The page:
Kingdoms go down by luxury, cities come up by virtue. Keep your head up proudly with a modest hand. A second inscription on the back reads: Public prosperity. Piero son of Cosimo de’Medici dedicated the statue of this woman to the freedom and power of the citizens, with a resolute and invincible spirit, for the public cause. The second inscription was of course removed from Florence after the Medici were expelled when the statue was placed in the Palazzo del Vecchio. It was replaced by: Exemplum sal[utis] pub[licae] cives pos[uerunt] MCCCCXCV, or, the citizens have made (this) as an example of public salvation in the year 1495.
The first inscription is probably the original and the second was added only later, presumably in 1464 after the death of Cosimo il Vecchio.
The statue of Judith and Holofernes is based on Judith’s apocryphal book. Judith was a charming woman, a wealthy widow. The city, Bethulia, is attacked by the Assyrian king Holofernes. This king had the water supply to the city cut off and it looked bleak for the inhabitants of the besieged city. Judith, with her servant, travels to the army camp of the Assyrians. Holofernes is enchanted by her beauty and she seduces him to many a cup of wine. When he gets drunk and loses consciousness, she strikes with the sword and thus the book of Judith reads: ‘She struck twice with all her might’ With his head hidden in a bag she sneaks away from the army camp. The next day the army discovers what happened and puts an end to the siege of Bethulia and so the brave Judith saved her city. The first battle was enough to take Holofernes’s life. The second was needed to take the head back to the city as a trophy. Painters from the quattrocento often avoided the beheading itself.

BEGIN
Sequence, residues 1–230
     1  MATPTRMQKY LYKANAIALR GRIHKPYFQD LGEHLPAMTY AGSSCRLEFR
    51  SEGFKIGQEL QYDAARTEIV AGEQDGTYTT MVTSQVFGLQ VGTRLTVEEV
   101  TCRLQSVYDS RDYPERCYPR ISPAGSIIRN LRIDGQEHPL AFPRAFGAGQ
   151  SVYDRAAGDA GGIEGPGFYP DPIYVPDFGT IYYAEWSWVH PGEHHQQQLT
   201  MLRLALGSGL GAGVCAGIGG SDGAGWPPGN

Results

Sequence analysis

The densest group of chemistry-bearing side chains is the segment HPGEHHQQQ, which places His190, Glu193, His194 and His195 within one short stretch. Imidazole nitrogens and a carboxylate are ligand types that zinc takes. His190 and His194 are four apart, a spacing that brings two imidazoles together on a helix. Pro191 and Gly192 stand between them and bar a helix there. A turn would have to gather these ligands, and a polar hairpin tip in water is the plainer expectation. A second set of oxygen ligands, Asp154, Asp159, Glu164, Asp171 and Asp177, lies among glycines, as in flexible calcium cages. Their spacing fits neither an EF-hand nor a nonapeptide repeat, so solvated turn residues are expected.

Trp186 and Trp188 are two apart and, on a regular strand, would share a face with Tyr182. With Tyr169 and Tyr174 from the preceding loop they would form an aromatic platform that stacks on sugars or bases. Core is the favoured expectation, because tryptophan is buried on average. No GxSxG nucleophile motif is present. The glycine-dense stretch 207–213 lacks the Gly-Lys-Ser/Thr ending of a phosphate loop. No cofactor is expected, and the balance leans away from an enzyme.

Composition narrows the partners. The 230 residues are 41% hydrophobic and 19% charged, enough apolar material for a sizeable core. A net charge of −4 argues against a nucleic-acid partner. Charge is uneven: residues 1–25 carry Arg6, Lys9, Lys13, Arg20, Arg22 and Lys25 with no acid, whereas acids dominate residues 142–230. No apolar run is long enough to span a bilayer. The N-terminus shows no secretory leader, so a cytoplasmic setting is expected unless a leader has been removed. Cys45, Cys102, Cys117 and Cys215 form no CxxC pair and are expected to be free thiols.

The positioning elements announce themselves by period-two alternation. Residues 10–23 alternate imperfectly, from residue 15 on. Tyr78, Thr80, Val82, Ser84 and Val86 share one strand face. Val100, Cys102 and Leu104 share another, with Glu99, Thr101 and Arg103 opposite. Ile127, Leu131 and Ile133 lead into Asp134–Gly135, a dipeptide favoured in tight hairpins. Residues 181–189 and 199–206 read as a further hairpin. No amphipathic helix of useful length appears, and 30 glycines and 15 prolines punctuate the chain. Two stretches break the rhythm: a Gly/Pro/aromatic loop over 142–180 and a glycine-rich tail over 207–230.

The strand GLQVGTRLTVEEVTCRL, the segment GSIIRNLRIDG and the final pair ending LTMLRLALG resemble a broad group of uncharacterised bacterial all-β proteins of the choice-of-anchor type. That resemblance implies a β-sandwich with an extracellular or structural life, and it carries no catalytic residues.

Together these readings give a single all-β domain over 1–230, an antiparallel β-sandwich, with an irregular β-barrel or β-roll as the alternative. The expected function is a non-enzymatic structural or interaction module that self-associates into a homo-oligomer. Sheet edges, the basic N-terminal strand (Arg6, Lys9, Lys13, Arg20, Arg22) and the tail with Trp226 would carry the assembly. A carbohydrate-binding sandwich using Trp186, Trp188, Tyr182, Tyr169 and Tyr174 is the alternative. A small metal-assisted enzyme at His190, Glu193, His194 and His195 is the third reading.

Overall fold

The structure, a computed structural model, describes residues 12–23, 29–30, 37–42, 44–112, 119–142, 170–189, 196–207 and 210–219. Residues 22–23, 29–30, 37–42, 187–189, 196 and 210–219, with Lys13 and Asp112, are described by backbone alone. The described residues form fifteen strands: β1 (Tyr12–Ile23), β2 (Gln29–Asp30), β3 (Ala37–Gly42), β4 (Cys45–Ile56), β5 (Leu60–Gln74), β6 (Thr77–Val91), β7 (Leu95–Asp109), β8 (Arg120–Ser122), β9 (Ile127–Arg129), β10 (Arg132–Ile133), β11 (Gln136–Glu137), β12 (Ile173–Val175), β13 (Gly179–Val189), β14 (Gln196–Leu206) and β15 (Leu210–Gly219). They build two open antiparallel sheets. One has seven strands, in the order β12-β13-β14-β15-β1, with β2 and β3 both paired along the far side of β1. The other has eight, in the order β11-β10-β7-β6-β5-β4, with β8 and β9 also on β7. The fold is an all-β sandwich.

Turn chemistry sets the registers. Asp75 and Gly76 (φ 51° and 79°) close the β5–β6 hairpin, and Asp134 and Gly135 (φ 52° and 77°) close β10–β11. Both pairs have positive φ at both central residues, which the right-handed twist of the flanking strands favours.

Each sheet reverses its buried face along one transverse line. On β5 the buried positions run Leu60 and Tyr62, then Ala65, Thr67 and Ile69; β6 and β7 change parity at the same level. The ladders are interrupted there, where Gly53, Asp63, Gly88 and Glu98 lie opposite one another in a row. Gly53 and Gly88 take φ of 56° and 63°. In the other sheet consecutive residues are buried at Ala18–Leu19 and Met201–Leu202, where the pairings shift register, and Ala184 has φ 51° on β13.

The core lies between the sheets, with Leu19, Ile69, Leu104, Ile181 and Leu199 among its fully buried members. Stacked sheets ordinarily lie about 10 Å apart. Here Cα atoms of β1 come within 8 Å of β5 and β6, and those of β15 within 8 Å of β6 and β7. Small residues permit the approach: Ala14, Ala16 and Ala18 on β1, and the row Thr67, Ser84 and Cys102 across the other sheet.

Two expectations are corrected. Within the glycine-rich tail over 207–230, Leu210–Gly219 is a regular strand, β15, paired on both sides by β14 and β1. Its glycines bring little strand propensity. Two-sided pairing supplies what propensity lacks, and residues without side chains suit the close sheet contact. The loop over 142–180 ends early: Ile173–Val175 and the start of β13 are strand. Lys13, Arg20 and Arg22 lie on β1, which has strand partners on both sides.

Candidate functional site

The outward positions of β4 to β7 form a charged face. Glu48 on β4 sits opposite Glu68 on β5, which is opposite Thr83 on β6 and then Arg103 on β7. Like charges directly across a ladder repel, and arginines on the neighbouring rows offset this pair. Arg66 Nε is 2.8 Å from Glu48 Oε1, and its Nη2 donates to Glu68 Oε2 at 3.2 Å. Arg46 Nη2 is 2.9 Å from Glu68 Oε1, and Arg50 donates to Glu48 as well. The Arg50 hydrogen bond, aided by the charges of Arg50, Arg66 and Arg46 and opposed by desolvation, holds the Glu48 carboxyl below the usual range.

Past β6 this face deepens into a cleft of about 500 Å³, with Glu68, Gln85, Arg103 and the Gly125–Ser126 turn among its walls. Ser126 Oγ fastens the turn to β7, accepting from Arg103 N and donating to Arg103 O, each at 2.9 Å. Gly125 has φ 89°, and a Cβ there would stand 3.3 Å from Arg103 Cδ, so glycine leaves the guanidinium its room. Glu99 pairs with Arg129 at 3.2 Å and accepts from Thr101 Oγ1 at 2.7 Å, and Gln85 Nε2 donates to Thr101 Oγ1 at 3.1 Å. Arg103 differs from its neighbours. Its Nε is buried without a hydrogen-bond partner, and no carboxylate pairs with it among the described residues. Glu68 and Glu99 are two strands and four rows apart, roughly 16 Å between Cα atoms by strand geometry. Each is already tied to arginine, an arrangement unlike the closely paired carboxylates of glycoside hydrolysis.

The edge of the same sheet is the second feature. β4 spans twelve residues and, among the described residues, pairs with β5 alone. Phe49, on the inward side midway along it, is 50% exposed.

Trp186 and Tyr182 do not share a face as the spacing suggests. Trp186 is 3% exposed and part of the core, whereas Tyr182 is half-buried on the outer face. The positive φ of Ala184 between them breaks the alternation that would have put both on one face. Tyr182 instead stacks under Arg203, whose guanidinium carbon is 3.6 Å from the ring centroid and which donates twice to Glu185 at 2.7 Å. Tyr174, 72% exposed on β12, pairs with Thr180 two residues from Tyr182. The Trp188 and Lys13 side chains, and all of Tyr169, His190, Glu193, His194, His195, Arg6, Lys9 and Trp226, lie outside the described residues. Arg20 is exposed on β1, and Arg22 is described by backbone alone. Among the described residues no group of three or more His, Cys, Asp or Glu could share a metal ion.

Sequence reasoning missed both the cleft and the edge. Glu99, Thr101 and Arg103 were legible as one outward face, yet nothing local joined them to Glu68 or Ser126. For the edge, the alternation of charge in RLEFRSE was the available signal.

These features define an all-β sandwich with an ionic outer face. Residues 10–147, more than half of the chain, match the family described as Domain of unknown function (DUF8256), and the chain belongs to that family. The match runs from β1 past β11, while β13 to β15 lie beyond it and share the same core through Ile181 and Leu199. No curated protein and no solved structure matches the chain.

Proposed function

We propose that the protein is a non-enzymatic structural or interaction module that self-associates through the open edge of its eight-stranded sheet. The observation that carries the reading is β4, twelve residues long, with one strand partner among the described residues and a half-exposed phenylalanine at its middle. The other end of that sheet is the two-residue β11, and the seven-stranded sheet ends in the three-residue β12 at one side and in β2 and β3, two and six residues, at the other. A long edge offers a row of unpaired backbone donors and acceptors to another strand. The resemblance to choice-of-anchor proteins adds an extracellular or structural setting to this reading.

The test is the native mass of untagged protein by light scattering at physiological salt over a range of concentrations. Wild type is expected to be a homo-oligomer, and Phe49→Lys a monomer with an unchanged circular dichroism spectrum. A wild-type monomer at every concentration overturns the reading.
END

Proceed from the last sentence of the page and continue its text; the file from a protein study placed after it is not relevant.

Mostly, what was painted was the discovery of the decapitated body or the return of Holofernes to Bethulia. Donatello had already carved two figures for the Campanile recess, Abraham and Isaac, but there he stays ambiguous on whether the sword does its destructive work. With his Judith and Holofernes, however, the most dramatic moment in the story can be seen. If you look closely at the statue, Holofernes’ neck shows the signs left behind by the first slash of the scimitar.
The entire posture of Judith indicates that she is about to deliver the second blow, intending to take his head. Her foot is on the hand of Holofernes, and with her left hand, she pulls Holofernes’ head backward, while her right hand raises the sword to strike. From the front, Judith appears as a hero performing a heroic act. However, when viewed from the side, her heroism completely disappears. Judith’s facial expression then betrays fear, as well as disgust towards the beheading. Her upper lip is slightly drawn back, and her lower lip protrudes forward.